We were able to use the ribbon with great liturgical success around the climate march. Through it people were able to express a kind of confession, a kind of lament and a kind of absolution.
For Palm Sunday, we want to connect the themes of love and loss to that last day of freedom for Jesus in the city. 
I think this would be swell, along with a bare tree branch covered with wads of masking tape such as that with which a DRE gifted us once.

Judging from the comments, even NCR's readers know how lame this is.

Wednesday, 25 March 2015

"Forget the 1960s – it is time the Church once again embraced new music in the liturgy"

When did She ever stop?
 From Matthew Schellhorn in the British "Catholic Herald":
To think of “contemporary music” in Catholic worship brings to mind the clearly hastily written and often very poor quality contributions of the 60s and 70s still in use in some places as a meagre alternative to anything of real artistic value. The waters are muddied here by an agenda that extols a particular kind of congregational “active participation”, meaning that in general musical offerings by modern composers – mostly written for the laity to have some part in – have to be supplied at the level of the lowest common denominator.
......As a means of breaking the deadlock I would say that the place of contemporary music in the Sacred Liturgy must be re-evaluated. New and imaginative music should certainly not be cast aside simply owing to bad experience....
This week, the winner of a new prize for sacred music composition I founded was announced. The brief was to write a Eucharistic motet for four parts, thereby precluding monophonic or simplistic entries rivalling Gregorian chant and furthermore requiring the use of capable musicians for performance. I was pleased to receive interest from composers all over the world, hungry to write for the Church and seeking opportunities for their God-given skills to be recognised and valued. I and the panel of judges can testify that the quality of entries was consistently high. The winner is a young composer from the Wirral, Marco Galvani, who has a bright future ahead of him; his piece, Ecce Quam Bonum, will be premiered at St Mary Moorfields in the City of London on Holy Saturday.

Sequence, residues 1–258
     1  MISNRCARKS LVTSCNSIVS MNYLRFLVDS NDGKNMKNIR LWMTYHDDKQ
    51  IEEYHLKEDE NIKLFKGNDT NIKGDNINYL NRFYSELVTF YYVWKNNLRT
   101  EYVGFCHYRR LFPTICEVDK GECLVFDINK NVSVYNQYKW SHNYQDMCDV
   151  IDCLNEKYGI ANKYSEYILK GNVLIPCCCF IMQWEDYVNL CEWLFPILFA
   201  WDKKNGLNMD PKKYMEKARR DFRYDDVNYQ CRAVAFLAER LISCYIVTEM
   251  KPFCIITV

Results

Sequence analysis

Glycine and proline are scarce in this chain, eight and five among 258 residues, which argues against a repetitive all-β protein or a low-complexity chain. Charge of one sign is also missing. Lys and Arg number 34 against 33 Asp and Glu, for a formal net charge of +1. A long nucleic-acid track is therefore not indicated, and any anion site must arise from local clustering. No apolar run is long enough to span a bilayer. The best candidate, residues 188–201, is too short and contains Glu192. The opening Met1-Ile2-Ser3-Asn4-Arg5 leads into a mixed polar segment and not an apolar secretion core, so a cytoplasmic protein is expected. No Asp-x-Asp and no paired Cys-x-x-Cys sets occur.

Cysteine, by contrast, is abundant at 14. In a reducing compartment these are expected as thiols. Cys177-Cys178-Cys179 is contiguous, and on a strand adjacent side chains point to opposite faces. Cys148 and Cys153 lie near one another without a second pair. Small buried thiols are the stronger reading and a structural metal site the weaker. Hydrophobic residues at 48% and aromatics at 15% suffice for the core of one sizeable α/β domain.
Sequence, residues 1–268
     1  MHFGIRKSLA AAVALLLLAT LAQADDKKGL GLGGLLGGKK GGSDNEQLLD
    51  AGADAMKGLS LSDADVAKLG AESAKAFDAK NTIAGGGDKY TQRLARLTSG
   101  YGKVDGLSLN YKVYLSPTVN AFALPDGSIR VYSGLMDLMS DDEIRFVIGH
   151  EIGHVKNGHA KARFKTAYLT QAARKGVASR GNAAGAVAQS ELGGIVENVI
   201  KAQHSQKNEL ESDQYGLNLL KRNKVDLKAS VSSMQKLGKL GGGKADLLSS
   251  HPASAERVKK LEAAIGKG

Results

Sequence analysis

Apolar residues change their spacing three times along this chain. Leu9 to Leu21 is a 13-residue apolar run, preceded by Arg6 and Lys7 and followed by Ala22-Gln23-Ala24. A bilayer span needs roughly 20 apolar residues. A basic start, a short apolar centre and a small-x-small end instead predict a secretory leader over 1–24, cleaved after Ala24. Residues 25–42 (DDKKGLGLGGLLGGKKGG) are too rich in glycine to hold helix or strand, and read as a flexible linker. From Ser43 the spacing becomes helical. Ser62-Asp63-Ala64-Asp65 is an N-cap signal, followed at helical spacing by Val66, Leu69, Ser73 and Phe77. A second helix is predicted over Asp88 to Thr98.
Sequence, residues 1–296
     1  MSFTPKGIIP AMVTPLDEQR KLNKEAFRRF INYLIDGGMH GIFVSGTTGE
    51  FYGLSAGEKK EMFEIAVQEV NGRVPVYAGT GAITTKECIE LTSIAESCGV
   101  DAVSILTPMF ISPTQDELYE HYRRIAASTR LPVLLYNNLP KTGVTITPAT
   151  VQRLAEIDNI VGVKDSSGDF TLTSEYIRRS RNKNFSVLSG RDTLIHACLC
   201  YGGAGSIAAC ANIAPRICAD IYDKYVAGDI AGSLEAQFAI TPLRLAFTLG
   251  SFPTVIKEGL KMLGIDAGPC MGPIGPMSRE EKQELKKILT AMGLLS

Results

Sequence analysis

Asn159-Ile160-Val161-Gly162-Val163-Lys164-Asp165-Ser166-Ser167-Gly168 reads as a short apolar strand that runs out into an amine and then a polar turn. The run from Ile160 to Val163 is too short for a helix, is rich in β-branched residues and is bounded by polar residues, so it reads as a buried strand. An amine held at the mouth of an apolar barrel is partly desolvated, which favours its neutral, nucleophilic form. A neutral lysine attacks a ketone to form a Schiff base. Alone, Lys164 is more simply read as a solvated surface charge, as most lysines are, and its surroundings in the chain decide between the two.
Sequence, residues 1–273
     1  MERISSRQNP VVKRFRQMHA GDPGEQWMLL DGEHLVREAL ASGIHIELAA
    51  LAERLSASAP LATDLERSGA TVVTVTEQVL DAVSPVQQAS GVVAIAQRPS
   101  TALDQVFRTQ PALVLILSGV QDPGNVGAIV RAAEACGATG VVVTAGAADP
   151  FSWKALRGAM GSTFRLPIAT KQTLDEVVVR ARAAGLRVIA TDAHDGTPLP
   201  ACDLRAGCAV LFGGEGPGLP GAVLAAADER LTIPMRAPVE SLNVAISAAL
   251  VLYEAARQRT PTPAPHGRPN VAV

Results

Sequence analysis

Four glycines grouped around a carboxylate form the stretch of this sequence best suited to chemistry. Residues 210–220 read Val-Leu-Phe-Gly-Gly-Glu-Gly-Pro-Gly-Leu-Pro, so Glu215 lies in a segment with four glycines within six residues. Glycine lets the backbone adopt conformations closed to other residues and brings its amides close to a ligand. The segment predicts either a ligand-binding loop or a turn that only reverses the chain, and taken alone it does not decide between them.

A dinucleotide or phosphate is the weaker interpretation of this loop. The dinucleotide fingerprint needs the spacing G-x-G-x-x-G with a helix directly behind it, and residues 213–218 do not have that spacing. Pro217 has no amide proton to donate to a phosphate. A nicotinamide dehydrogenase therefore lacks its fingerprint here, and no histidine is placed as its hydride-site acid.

Looking forward to hearing it.
Meanwhile, I have what I have as I live where I live.

Tuesday, 24 March 2015

Mona Lisa - Random Awkwardness

What Does True Repentance Require Of the Penitent?

I don't know, I'm asking.
Without reference to the details of the misdeed, the motivation, the perpetrator, or the victim in this case, the miscreant who visited an atrocity upon still surviving victims has been released from prison and says he is sorry.
He wishes his victims could “understand a bit better what motivated me and people like me”.

I think that is a heinous, self-serving thing to say, since it implicit invites a comparison between his putative sufferings and his victims actual ones.

An authentic apology would not.

However, my question is about something different - the victim says,
Well, he can say he’s ‘sorry’... but he hasn’t repented because he would know it meant going to the authorities and telling them all he knew of the identities of those who commissioned [his crime]. He was the monkey. Let him tell us about the organ-grinders. But he’s declined to do that.
Is that so?
Is offering up ones partners in crime sin, (who may or may not repent of the evil they have done and the grief they have caused,) a  requisite of true penitence?
Resolution to sin no more, yes, making of what amends one can, of course -- but informing on ones confederates?
And does the answer depend on whether the sinner still thinks his cause was just? or depend on whether the cause is/was just?

The Westminster Vestment, How Cool Is This?

Chasuble1_thisone
According to the Catholic Herald,
Cardinal Vincent Nichols [wore] an ancient vestment believed to be from the royal wardrobe of King Richard III when he celebrates Mass for the repose of the soul of the monarch’s soul in Leicester on Monday.
Known as the Westminster Vestment, the chasuble is part of the heritage collection of Ushaw College, the former Catholic seminary at Ushaw Moor, Durham.
 There is a tradition that it was worn by the Benedictine monks of Westminster Abbey during the reign of King Richard, who died at the Battle of Bosworth Field in 1485.

Fox Just Keeps On Being the Responsible Media Outlet You Know and Love...

... NOT.